Previously TSMC concentrated its fabs and R&D facilities in Taiwan, but it looks like its rapid growth fueled by surging demand for semiconductors as well as geopolitical matters are compelling the foundry to diversify its production and R&D locations.
    What is particularly interesting is that according to a Nikkei report, the Japanese production facility will be co-funded by TSMC, the Japanese government, and Sony. This marks another major strategy shift for TSMC, which tends to fully own its fabs. In fact, if the Nikkei report is to be believed, the whole project will cost around $7 billion (though it is not said whether this is the cost of first phase of the fab, or a potential multi-year investment).
    To put the number into context, SMIC recently announced plans to spend around $8.87 billion on a fab with planned capacity of around 100,000 300-mm wafer starts per month (WSPM). TSMC's facility will presumably cost less and will be built in a country with higher operating costs, so it may well not be a GigaFab-level facility (which have capacity of ~100K WSPM). But still, we are talking about a sizable fab that could have a capacity of tens of thousands of wafer starts per month, which would make it Japan's biggest 300-mm logic facility ever. Just for comparison, the former Panasonic fab in Uozo (now controlled by Tower Semiconductor and Nuvoton) has a capacity of around 8,000 WSPM.
    TSMC has not formally confirmed any numbers about its Japanese fab, but the company tends to build rather large production facilities that can be expanded if needed. Meanwhile, a fab in Japan that well serve needs of local automotive and electronics conglomerates promises to help them to avoid shortages of chips in the future. This would also leave TSMC free to assign its 28nmTaiwanese and Chinese production lines to other applications, including PCs, which is important for the whole industry.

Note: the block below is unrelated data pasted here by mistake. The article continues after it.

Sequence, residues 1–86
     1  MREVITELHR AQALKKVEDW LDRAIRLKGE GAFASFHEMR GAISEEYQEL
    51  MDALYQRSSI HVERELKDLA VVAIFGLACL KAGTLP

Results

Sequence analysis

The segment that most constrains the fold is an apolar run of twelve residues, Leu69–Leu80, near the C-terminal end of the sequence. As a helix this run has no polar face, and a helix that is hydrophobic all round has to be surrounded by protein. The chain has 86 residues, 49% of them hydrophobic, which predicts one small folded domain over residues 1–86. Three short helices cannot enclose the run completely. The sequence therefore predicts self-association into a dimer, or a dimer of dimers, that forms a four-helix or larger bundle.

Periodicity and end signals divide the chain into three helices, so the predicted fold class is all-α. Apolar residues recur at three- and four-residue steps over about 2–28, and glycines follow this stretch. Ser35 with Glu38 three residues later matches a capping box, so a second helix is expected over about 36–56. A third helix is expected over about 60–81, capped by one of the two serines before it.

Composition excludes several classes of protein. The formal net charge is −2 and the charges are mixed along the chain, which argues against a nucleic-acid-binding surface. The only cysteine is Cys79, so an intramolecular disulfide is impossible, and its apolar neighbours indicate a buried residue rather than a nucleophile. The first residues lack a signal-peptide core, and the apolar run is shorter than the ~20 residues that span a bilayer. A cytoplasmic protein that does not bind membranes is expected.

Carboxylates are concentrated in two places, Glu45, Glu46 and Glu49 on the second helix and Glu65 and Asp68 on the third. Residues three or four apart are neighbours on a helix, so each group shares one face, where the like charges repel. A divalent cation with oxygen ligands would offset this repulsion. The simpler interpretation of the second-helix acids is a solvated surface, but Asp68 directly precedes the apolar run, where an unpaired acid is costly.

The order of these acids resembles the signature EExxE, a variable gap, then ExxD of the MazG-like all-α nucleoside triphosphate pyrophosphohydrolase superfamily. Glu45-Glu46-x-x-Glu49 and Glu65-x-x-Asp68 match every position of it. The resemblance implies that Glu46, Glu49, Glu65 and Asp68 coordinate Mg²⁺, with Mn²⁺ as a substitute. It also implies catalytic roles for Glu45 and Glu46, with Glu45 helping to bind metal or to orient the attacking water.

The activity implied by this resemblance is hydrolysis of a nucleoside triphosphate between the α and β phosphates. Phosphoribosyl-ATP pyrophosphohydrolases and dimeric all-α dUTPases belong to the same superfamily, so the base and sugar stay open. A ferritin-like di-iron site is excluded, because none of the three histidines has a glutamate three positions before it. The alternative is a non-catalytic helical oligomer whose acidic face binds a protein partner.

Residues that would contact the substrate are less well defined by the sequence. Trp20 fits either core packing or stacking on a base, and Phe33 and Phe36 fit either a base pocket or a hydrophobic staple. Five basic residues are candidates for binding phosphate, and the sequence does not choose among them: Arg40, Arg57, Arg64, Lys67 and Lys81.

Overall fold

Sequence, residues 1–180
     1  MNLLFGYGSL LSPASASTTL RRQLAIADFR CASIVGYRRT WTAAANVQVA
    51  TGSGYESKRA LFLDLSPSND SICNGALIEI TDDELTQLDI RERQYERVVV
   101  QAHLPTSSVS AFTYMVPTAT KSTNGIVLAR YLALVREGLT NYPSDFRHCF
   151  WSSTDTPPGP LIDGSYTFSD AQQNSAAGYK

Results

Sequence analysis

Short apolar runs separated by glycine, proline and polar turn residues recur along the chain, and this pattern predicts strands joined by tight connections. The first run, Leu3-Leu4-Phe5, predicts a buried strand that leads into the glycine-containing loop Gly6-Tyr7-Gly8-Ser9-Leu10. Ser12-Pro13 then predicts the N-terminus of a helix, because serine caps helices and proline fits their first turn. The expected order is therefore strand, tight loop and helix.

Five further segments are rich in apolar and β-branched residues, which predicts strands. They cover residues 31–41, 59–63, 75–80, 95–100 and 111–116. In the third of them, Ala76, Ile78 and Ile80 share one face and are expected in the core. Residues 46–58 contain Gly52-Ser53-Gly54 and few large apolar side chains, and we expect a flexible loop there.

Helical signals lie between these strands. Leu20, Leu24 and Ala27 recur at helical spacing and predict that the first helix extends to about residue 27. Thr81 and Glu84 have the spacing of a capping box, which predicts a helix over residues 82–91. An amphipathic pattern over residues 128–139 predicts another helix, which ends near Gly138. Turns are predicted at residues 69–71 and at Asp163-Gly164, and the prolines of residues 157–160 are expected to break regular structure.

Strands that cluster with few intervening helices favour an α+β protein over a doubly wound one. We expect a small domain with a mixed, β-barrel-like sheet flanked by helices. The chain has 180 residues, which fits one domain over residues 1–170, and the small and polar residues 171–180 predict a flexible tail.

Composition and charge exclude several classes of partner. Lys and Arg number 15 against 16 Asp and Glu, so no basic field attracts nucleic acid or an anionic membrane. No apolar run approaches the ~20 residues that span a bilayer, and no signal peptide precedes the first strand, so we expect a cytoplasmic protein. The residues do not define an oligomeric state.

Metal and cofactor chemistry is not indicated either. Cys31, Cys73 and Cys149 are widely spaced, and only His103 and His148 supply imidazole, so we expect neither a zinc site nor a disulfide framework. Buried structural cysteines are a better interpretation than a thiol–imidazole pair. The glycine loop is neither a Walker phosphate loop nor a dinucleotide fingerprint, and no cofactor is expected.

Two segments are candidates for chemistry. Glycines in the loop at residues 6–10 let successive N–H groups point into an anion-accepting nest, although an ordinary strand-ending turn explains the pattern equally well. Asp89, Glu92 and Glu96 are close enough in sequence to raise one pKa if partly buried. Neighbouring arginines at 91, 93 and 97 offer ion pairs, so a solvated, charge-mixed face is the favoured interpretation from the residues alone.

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    #11316

    Anandtech: The Apple 2021 Fall Mac Event Live Blog 10am PT (17:00 UTC)

    Following last month’s announcement event of Apple’s newest iPhone and iPad line-ups, today we’re seeing Apple hold its second fall event, where we expect the company to talk about all new things Mac. Last year’s event was a historic one, with Apple introducing the M1 chip and new powered Mac devices, marking the company’s move away from x86 chips from Intel, taking instead their own future in their hands with their own custom Arm silicon. This year, we’re expecting more chips and more devices, with even more performance to be release. Stay tuned as we cover tonight’s show.

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    Anandtech: TSMC Roadmap Update: 3nm in Q1 2023, 3nm Enhanced in 2024, 2nm in 2025

    TSMC has introduced a brand-new manufacturing technology roughly every two years over the past decade. Yet as the complexity of developing new fabrication processes is compounding, it is getting increasingly difficult to maintain such a cadence. The company has previously acknowledged that it will start producing chips using its N3 (3 nm) node about four months later than the industry is used to (i.e., Q2), and in a recent conference call with analysts, TSMC revealed additional details about its latest process technology roadmap, focusing on their N3, N3E, and N2 (2 nm) technologies.
    N3 in 2023

    TSMC's N3 technology will provide full node scaling compared to N5, so its adopters will get all performance (10% - 15%), power (-25% ~ -30%), and area (1.7x higher for logic) enhancements that they come to expect from a new node in this day and age. But these advantages will come at a cost. The fabrication process will rely extensively on extreme ultraviolet (EUV) lithography, and while the exact number of EUV layers is unknown, it will be a greater number of layers than the 14 used in N5. The extreme complexity of the technology will further add to the number of process steps – bringing it toto well over 1000 – which will further increase cycle times.
    As a result, while mass production of the first chips using TSMC's N3 node will begin in the second half of 2022, the company will only be shipping them to an undisclosed client for revenue in the first quarter of 2023. Many observers, however, expected these chips to ship in late 2022.
    "N3 risk production is scheduled in 2021, and production will start in second half of 2022," said C.C. Wei, CEO of TSMC. "So second half of 2022 will be our mass production, but you can expect that revenue will be seen in first quarter of 2023 because it takes long — it takes cycle time to have all those wafer out."